Anandamide has been identified in porcine brain as an endogenous cannabinoid receptor ligand and is believed to be a counterpart to the psychoactive component of marijuana, Δ9-tetrahydrocannabinol (Δ9-THC). Here we report that anandamide directly inhibits (IC50, 2.7 μM) Shaker-related Kv1.2 K+ channels that are found ubiquitously in the mammalian brain. Δ9-THC also inhibited Kv1.2 channels with comparable potency (IC50, 2.4 μM), as did several N-acyl-ethanolamides with cannabinoid receptor binding activity. Potassium current inhibition occurred through a pertussis toxin-insensitive mechanism and was not prevented by the cannabinoid receptor antagonist SR141716A. Utilizing excised patches of Kv1.2 channel-rich membrane as a rapid and sensitive bioassay, we found that phospholipase D stimulated the release of an endogenous anandamide-like K+ channel blocker from rat brain slices. Structure-activity studies were consistent with the possibility that the released blocker was either anandamide or another N-acyl-ethanolamide.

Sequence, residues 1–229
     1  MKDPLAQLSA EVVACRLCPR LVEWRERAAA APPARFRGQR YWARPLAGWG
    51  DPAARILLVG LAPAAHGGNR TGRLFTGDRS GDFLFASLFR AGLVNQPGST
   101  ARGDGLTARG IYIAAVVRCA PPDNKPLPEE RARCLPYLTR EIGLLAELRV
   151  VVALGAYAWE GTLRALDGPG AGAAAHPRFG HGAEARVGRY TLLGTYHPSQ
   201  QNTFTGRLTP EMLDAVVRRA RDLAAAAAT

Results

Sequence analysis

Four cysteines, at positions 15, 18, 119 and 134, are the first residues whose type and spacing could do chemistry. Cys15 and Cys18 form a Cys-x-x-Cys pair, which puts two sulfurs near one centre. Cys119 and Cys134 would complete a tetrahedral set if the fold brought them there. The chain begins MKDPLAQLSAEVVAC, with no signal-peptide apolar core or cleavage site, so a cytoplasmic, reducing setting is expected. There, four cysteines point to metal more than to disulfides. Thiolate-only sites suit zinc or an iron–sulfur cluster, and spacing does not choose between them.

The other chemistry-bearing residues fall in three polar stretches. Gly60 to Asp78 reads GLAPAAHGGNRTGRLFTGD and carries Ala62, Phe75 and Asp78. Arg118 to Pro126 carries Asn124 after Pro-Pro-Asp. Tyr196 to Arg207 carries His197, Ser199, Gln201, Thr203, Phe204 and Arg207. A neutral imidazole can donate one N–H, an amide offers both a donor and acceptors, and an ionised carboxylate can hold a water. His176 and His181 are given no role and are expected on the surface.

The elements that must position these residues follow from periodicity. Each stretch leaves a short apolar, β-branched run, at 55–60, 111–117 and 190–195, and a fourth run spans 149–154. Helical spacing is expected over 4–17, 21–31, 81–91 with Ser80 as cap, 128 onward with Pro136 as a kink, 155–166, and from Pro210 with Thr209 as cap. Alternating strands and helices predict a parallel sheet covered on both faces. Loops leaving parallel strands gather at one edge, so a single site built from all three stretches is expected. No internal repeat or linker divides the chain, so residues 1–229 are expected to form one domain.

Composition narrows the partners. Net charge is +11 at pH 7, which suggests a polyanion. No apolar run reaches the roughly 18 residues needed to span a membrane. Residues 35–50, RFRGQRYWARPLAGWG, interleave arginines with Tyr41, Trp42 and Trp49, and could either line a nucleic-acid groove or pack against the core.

- Fatty acid
- Path clamp recording
- Recombinant potassium channel
ASJC Scopus subject areas
- Cellular and Molecular Neuroscience
- Drug Discovery